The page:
4. 505 by Elektroforez. I don’t know what to say about these guys, but I sure am enjoying them. I have been listening to them nonstop for the past week. They make me want to dance! Albeit, in a moody, morose, sort of way. A recommendation from my good friend Sonya, who I hear has got an excellent list of these austere, gloomy Russian goth, new-wave, synth-pop, post-punk type musicians that they’re going to share for our ears over at Haute Macabre sometime in the near future. Yay for new music! It’s been a while, but I’m suddenly becoming interested again and that is both a pleasure and a deeply relieving realization.
5. Oh, Suddenly Egyptian God! These little six-minute slice-of-life snippets are just too, too adorable. “This is sudden, but welcome to the world of Egyptian gods, where ancient deities work, have fun, and relax like the rest of us.” These little stories are, as one dour reviewer points out, probably full of inaccuracies, but come on. It’s cute fun.
Some bonus good things!
-We placed an order with Botanical Interests for a gazillion seeds and are so excited for our summer garden possibilities. -This chili crisp oil is, at $17 or so, insanely overpriced (damn you, persuasive Instagram ads!) but SO GOOD. – This addictively trashy book which I am looking forward to finishing while soaking my feet in the tub and enjoying a glass of wine. –This Marshmallow Fireside candle, which is just as amazing as everyone says it is -Twinkle lights for my shelves, seen in the feature photo for this post. Granted there’s only one string of them up now, but they just make the workday so much nicer that I can’t help but to think more lights will make the day even better? Eventually with enough twinkle lights, I will look forward to my 9-5? It’s probably too much to hope for, but I’m going to give it a try.
When I was in community college, I was part of the school’s “literary society.” I’m not quite sure how it happened, but one of my sisters and I, once learning that this small organization existed but was languishing under the slipshod leadership of someone or other (I honestly can’t remember who it was but I think he had sort of a “bro vibe”) well, we somehow ousted all of the members and resurrected the club as something entirely new? I can’t even imagine how that must have come about–and I am fairly certain I couldn’t figure it out even while it was happening!– but when my sister wants to get something done, she gets it done!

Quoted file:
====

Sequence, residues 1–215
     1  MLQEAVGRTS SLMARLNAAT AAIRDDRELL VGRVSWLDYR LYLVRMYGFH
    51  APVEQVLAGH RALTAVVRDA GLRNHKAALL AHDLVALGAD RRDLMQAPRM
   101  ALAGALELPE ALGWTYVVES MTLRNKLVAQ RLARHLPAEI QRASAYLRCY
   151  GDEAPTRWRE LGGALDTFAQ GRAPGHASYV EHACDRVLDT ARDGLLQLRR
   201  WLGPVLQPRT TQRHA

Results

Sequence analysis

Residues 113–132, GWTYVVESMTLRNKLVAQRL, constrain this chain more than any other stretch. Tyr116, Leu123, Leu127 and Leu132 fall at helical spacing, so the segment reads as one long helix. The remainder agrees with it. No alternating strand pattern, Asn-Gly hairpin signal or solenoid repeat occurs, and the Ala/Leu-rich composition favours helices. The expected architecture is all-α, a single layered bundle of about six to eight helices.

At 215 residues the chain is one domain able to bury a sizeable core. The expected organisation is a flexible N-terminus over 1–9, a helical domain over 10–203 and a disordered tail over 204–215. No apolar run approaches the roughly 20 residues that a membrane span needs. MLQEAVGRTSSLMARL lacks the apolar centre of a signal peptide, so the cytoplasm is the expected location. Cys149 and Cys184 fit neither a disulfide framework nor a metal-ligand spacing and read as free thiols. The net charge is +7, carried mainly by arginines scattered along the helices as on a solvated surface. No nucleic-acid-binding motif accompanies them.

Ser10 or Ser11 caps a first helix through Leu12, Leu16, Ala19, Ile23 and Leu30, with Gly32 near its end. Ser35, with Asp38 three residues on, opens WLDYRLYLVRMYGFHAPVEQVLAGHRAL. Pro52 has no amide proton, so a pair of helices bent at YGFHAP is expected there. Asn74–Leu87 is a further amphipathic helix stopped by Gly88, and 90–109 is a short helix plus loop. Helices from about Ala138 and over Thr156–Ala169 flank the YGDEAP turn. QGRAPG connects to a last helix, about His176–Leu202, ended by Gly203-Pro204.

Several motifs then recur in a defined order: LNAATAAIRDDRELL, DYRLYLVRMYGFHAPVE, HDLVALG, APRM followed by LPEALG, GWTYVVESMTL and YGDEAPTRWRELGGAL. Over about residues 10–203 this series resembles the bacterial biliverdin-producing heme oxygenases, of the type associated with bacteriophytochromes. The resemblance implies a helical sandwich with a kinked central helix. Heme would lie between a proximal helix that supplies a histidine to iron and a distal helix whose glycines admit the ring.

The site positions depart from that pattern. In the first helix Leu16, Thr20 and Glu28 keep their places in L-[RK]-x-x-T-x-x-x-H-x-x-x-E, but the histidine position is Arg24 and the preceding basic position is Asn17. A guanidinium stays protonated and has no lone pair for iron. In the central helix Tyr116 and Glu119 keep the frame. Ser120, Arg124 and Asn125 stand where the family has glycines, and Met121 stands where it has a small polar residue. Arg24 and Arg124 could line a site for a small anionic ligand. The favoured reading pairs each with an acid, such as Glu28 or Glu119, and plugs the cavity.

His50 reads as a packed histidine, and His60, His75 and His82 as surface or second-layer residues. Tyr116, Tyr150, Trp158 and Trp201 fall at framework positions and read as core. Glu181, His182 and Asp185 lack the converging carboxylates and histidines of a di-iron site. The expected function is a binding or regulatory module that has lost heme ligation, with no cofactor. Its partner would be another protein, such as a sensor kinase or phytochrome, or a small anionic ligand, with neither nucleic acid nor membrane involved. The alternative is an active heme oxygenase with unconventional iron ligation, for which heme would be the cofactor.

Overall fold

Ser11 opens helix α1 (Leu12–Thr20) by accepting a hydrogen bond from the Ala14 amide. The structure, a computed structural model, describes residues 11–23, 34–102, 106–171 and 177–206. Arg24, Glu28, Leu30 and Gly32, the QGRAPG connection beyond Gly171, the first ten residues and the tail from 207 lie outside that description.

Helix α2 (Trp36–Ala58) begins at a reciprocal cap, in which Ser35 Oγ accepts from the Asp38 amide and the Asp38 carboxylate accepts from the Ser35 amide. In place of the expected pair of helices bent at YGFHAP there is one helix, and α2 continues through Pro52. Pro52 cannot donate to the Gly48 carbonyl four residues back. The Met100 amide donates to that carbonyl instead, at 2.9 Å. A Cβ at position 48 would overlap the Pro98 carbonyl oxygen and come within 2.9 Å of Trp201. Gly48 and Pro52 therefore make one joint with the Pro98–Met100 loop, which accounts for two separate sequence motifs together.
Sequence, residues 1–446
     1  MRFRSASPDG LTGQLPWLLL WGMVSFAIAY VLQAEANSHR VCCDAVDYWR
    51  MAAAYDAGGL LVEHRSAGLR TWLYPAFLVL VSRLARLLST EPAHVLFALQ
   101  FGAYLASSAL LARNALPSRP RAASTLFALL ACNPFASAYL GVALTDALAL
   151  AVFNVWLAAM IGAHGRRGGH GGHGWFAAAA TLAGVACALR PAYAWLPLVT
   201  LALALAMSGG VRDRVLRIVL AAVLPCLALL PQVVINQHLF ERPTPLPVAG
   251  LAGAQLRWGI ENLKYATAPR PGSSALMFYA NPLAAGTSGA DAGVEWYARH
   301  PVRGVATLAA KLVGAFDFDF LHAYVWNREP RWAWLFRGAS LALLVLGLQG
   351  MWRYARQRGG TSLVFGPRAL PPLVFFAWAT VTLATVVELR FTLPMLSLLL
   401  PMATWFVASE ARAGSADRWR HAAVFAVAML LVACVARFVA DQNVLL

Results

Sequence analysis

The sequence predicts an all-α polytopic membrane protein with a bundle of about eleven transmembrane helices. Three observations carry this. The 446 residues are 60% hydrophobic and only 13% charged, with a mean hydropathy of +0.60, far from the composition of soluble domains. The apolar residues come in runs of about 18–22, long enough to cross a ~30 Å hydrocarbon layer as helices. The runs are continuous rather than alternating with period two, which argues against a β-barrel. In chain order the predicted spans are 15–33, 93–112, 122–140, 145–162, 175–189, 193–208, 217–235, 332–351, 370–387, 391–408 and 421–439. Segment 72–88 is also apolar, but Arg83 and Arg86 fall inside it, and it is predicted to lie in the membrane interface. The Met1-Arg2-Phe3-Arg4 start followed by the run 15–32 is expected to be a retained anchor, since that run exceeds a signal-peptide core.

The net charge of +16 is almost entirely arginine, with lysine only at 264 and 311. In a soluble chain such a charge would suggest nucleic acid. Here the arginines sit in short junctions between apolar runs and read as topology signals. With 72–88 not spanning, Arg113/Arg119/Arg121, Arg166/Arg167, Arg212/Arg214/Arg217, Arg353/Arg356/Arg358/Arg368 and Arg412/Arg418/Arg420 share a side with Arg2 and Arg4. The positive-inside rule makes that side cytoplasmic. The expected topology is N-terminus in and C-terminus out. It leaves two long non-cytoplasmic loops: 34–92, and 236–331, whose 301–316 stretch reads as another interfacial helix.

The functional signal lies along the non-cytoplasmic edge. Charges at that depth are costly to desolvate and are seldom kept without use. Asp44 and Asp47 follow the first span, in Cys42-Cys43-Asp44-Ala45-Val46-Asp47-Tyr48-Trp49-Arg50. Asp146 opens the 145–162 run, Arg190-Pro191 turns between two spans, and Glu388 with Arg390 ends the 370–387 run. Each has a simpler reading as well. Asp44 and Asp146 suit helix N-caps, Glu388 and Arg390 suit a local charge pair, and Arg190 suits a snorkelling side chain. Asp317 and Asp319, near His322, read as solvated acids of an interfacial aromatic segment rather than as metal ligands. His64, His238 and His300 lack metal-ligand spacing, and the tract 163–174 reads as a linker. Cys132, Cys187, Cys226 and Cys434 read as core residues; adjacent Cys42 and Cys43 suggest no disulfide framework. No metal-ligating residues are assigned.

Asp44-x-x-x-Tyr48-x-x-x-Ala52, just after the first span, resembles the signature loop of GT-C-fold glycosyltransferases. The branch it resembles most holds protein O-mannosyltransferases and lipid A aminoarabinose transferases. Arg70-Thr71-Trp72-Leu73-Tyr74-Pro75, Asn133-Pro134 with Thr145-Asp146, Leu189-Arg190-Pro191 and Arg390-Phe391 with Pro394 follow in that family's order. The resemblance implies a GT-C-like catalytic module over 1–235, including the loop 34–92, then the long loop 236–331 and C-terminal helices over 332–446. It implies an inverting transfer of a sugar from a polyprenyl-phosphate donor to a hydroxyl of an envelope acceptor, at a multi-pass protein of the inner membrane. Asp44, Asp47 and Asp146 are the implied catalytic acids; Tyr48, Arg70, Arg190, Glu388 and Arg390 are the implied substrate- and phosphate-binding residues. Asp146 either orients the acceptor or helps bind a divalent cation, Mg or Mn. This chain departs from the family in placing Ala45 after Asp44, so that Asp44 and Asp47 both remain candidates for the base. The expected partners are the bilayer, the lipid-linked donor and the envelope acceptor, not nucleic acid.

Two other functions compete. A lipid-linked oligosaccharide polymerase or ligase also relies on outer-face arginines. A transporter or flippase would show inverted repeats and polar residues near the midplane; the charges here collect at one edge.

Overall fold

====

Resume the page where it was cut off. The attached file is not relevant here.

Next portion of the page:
So we invited a few friends to join, and began writing and meeting regularly. We scored an excellent advisor, one of the school’s librarians that I admired tremendously, and I am still sort-of friends with, to this day, several decades later. Well, Facebook friends. But still! I’m barely friends with anyone from that time, so that’s quite a feat.
We began taking submissions and planning a literary magazine. We published two or three of them! I had pieces published in them (if we are friends on Instagram, you may have gotten a peep at them in my stories this week!) But I was also the secretary of the club, so we kind of had to include me, ha. We hosted events and invited authors to speak, we held little soirees on campus for writers and poets, we attended local poetry readings and volunteered our time for various causes. I can barely believe I did any of those things. Who was that person? I think those endeavors were made possible because I was part of something. I know I certainly would have been too fearful to attempt a single one of those things on my own. And though it eventually fell apart, it remains an utterly magical time in my life. Despite the fact that it was only community college, and I was poor and broke and in every other respect, I had no idea what to do with myself or my future. I knew for a time, as long as I was writing, I was dreaming things. And that felt like hope.
Right before our holiday break one year, we threw a potluck Yule-gathering and read poetry to children. I shared a few passages from the book A Circle of Seasons by Myra Cohn Livingston, which included wonderful artwork from painter Leonard Everett Fisher. I read aloud the winter portion of the book, which I thought so beautifully evocative, the imagery of which I hoped might catch the fancy of at least one or two small audience members.
Winter etches windowpanes, finger paints in white sculptures strange soft shapes in snow that glister in the night. Filigrees the snowflake, spins icicles of glass, Paints the ground in hoarfrost, its needles sharp with light.